Getting ready for Christmas: homemade vanilla extract

Bear with me for a second. You may think I am crazy, already talking about Christmas in August, but there is a good reason behind this madness! End of the year holidays mean lots of baking, and with that an unusual amount of vanilla extract buying. This can get pricey, especially when you live in Asia, where good quality vanilla extract is hard to come by! I have come up with my own way of making vanilla extract at home. It takes about 2-3 months, but you have absolutely nothing to do during this time, other than look at the extract turning darker every day. This is why I say, get started now, and for your next holiday baking marathon you will have plenty of vanilla extract to go around.

Vanilla is the second most expensive spice after saffron. Vanilla beans are long, dark pods, which are the fruit of the vanilla orchid plant. Although native to Mexico, Indonesia and Madagascar are the biggest growers of vanilla beans today. Vanilla is used for flavoring chocolates, baked goods, as well as high end savory dishes.

The crucial difference between vanilla essence and extract:

If you are no novice to baking recipes, you may have wondered what the difference between vanilla essence and extract is - and you have probably been using them interchangeably. Here is a quick rundown:

If you have used both, you may not notice a big difference in the taste of the final product, but your purse will definitely know the difference. Vanilla essence is much cheaper, sometimes as much as 10 times cheaper. There is a good reason for this! Vanilla essence is made artificially, using chemicals to recreate the vanilla flavor. No real vanilla pods are used in the making of vanilla essence, but instead wood scraps, rice bran, coal-tar or beaver scent glands (yes, you read that right!) are used to draw out the artificial vanilla taste.

Vanilla extract on the other hand is made from real vanilla beans. The vanilla flavor is either extracted through alcohol or water.

Here is the confusing part: in real good baking stores, vanilla essence can also mean a stronger version of vanilla extract, not the artificial kind. To make sure you always have good quality vanilla around, make sure the bottle never says anything about artificial or vanilla flavor. It should always have vanilla beans as part of the ingredient list.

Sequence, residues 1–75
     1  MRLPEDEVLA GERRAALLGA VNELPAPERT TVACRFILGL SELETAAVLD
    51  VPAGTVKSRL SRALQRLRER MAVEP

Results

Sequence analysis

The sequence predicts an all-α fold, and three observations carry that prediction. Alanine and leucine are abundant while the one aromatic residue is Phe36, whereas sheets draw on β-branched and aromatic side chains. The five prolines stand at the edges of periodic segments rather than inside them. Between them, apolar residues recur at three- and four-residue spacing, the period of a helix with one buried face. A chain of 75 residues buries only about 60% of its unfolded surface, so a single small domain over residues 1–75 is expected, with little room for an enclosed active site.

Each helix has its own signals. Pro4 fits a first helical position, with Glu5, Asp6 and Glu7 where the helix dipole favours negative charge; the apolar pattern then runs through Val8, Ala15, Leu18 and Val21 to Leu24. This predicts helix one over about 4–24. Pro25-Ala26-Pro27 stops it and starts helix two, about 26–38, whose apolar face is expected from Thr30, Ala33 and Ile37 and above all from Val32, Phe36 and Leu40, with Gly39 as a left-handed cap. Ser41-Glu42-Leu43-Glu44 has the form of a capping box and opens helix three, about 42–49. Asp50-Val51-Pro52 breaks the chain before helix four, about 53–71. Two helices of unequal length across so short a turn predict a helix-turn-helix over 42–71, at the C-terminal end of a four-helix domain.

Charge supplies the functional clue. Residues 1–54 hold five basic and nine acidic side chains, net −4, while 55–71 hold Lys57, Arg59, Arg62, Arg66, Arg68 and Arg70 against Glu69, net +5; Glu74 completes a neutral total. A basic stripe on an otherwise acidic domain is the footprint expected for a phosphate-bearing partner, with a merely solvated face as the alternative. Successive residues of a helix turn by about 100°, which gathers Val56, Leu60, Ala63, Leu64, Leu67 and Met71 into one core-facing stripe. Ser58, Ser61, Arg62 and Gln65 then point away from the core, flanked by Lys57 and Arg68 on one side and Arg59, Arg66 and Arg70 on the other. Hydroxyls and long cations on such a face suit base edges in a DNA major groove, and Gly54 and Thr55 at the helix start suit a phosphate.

Make it yourself

Making your own vanilla extract is super easy. You only need good quality vanilla beans and some clear alcohol (like vodka). That’s right, raid your liquor cabinet! Or - like in my case - get a bottle of vodka just for this recipe.

The great thing about making your own vanilla extract is that you will never run out. Every time you use a little bit, you just top up your jar again with the vodka. I go through a bottle of vodka a year - can you imagine if I had spent that much on buying vanilla extract?!?!

When picking your vanilla beans, they should be soft and very dark with a shiny film. Stay away from the dried out ones, they will not have a lot flavor left in them!

Preparation time: 5 minutes

Marinating time: 2-3 months

  • 4 vanilla beans

  • vodka (gin or rum also work)

  • a small jar

  1. Slice the vanilla beans open lengthways without letting any of the vanilla seeds ooze out.

  2. Then place them in the jar, top with vodka, and close the lid.

  3. Keep in a cool, dry place (like the back of your kitchen cupboard) for the next few months.

Bonus note: If you do use vanilla beans for other recipes, keep the scraped out beans and add them to your vanilla extract jar to intensify flavor. That way you don’t have to waste them! Also, think about making this as your Christmas present this year. Super easy!

#vanilla #foodprep #homemade #giftideas